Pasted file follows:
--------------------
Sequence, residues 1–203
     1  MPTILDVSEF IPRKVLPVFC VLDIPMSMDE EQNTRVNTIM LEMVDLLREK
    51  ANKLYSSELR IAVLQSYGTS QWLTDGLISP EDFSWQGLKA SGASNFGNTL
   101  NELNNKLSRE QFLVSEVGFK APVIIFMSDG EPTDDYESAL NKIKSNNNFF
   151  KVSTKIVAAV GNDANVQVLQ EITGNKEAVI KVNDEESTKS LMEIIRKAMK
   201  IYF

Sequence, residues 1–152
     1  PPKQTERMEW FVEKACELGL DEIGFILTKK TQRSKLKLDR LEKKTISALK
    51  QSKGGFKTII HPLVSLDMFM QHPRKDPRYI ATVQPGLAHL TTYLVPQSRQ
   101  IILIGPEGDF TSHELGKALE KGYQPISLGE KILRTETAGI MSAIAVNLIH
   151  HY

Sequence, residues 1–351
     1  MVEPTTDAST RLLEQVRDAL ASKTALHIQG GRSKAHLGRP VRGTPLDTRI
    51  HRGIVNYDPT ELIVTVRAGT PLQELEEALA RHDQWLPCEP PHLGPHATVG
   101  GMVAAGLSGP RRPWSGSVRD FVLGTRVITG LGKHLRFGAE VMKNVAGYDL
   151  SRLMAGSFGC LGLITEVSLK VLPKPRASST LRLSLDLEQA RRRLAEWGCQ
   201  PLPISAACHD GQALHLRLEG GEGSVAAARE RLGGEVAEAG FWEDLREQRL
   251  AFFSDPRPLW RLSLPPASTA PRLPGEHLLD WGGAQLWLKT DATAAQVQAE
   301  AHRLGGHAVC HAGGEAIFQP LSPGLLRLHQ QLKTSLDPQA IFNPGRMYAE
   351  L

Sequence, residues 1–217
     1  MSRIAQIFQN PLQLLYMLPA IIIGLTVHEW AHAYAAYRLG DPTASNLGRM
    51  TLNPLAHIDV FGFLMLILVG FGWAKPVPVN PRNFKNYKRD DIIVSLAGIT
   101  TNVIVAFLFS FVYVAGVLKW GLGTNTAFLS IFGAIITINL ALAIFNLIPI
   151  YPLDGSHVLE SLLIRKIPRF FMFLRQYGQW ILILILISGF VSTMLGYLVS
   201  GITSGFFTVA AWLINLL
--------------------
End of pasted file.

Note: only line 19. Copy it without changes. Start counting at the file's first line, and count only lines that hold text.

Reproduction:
   301  AHRLGGHAVC HAGGEAIFQP LSPGLLRLHQ QLKTSLDPQA IFNPGRMYAE